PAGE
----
Saturday, November 14, 2009

Yellowstone Backcountry - Buffalo Plateau Trail - Part 2

Got up early and headed for the creek to retrieve the packs and food bags. In the light fog, I spied a lone bison on the opposite side of Hellroaring Creek making his way towards a clearing along the bank. Tom joined me to get the packs down and as we made our way back to the campsite, we found the bison had crossed the creek onto our side ans was ambling up the slope. Glad we didn't set up the tent in that clearing like we had talked about the night before!

Campsite 2H4: Big Agnes tent and Osprey Aether 70 packs

We pumped water from Hellroaring Creek with my new MSR Hyperflow (nice and fast!), made breakfast, coffee and oatmeal, and reorganized our packs for the uphill hiking we would do this day. It took us too long to clean up our respective "yard sales" of gear, food, trash, and clothes, but we finally bid our campsite and the bison farewell.

Hellroaring Creek

Starting out at around 6000 ft, we retraced our steps to the junction of the Hellroaring Creek trail and the Buffalo Plateau Trail and made the left and started the climb that would continue on for the rest of the day's hike.

Trail signs

In the morning we were fresh and the open grassy terrain did not seem like too much of an obstacle. We talked and joked jovially, and watched our footing in areas where the trial was rutted.

It was obvious that the Buffalo Plateau Trail was not heavily travelled, but it was easy enough to follow.

At first, as we passed the carins, at least I didn't recognize them for wheat they were; they were just curious features as we climbed. This easterner is used to blazes on trees. But after seeing half a dozen or so we figured their purpose out and repaired as many as we could along the way - restanding poles, renailing orange metal blazes to the posts, stacking rocks, etc.

Within the first mile or two, we came across this erratic with a circle of antlers at its base and a few more left on top of the rock.

We continued on steadily upward, taking breaks as needed and stopping for lunch along the grassy slope. As we neared the Wyoming/Montana border and started to be flanked by some wooded areas, we came across this burned trunk that reminded us of one of the Easter Island monoliths.

Tom and I were both getting tired and we stopped for a break, a snack, and a drink in the shade of a tree right next to the trail. Half an hour later, my eyes opened. My fellow TATC members would probably frown, but a trailside nap is SWEET!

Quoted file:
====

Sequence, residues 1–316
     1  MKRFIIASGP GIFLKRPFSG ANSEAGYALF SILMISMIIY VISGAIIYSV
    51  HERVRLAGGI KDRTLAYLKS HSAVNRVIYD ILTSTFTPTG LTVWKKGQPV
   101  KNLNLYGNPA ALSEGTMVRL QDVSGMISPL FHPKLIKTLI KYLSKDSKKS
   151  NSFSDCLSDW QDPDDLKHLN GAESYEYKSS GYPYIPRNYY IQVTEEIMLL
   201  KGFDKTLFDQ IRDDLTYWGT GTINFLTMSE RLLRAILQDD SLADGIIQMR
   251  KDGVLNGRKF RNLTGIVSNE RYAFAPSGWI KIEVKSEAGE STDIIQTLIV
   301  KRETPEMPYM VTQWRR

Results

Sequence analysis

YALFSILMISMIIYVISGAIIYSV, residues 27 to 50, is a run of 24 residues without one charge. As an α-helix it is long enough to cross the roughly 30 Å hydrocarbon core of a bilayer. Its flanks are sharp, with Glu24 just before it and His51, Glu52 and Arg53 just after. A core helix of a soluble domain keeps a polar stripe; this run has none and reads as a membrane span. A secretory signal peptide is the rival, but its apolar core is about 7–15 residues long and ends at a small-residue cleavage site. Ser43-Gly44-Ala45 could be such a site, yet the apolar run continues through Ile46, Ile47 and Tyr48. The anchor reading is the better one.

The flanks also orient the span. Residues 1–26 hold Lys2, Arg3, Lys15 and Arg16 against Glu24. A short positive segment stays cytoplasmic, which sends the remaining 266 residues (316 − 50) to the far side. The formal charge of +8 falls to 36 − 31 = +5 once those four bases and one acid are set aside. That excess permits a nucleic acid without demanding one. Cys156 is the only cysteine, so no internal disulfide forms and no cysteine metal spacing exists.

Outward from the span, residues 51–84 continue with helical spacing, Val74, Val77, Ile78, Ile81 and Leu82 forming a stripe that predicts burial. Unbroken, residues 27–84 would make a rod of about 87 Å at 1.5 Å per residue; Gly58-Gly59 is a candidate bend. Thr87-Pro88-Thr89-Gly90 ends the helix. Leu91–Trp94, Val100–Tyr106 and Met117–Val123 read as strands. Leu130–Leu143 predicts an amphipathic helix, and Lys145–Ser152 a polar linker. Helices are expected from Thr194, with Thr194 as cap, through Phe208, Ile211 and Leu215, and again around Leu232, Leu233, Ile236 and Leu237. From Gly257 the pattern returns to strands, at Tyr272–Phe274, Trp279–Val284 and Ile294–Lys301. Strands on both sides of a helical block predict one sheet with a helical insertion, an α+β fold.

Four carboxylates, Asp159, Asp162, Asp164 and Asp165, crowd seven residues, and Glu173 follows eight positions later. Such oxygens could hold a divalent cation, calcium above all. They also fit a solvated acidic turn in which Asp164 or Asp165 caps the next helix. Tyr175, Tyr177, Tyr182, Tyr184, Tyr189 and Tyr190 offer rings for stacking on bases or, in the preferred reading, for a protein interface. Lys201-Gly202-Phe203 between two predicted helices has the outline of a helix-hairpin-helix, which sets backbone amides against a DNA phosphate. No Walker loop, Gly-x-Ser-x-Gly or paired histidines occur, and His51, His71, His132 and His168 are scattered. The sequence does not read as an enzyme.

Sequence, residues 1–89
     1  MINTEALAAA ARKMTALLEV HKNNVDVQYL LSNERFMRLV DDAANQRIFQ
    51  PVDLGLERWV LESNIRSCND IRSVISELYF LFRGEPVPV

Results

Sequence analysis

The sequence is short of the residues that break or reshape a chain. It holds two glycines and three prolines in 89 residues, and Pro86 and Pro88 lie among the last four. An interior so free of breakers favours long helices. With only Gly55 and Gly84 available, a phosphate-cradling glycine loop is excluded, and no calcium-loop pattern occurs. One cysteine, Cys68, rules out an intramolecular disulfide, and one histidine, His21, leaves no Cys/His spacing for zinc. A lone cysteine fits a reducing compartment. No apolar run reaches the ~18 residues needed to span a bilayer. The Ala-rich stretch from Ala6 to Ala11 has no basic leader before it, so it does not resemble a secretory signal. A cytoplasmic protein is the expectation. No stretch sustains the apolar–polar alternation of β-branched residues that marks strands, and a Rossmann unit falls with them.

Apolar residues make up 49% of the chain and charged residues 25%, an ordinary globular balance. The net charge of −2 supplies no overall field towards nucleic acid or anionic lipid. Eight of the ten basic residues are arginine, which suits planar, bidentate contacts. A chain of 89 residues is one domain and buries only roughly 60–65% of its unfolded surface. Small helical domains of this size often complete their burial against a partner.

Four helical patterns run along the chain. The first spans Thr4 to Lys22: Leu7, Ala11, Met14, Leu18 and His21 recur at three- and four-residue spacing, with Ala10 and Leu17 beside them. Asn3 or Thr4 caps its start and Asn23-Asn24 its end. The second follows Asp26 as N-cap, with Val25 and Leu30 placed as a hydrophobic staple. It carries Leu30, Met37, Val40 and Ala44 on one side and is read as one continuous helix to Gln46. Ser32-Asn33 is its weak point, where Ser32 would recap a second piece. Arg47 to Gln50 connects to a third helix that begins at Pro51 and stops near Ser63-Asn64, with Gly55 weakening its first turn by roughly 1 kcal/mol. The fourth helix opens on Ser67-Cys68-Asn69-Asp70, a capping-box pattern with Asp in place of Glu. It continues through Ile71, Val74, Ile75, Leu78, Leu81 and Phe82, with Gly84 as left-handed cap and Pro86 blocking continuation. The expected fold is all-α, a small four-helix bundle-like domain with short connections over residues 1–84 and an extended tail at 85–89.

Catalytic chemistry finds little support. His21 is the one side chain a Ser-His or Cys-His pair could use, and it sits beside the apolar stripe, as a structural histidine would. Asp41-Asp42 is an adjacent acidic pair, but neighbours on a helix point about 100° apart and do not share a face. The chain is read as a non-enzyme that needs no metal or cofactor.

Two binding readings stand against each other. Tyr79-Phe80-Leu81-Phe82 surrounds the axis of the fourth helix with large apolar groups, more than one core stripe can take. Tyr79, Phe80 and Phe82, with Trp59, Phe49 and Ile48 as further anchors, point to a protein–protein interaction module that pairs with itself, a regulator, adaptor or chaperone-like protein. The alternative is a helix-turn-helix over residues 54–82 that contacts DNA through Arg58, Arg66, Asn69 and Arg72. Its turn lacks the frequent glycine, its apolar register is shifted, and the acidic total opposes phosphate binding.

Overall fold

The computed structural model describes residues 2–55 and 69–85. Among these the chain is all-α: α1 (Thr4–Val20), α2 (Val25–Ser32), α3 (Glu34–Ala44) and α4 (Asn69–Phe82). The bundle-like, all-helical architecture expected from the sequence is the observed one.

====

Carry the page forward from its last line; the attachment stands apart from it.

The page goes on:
At close to 8,400 feet, we made the left turn off the Buffalo Plateau Trail and headed to our campsite for the night - a stock site labelled 2B1 on the maps. We stopped at a small stream to pump water again, at this point not wanting to carry the weight, but worried about not having a source of water for cooking at the campsite.

The distance from the turn off the Buffalo Plateau Trail to campsite 2B1 was supposed to be 0.7 miles according to the Nat. Geo. Trials Illustrated map and it was supposed to be mostly ridge running. NO WAY! I wish I had GPS because we hiked for an hour or two thinking we had somehow missed the campsite, especially as we hiked up and down several steep ravines. We stuck to the trail, and finally spotted an orange blaze, and as we got closer, a nice bear pole and fire ring. We had done about 8.5 miles and 2,400 of elevation gain in about 8-9 hours on the trail (hiking, breaks, lunch, water-pumping, and nap!).

We scouted out a place to put the tent. The ground was all hummocky (animal activity) so flat ground was at a premium. We finally found a spot within a crescent of live trees that was fairly flat and level. We set up the tent and then got busy making dinner.

I had brought along a "Pack-it Gourmet" meal of Ya Ya Gumbo. There was an ingredient missing for the sauce, and the preparation was more time consuming than I would have liked, but the result was good and we ate heartily after the arduous hike.

We hung the packs and food from the bear pole and enjoyed a nice campfire until it was time for bed. The next day's hike would be more of the same - up and up.

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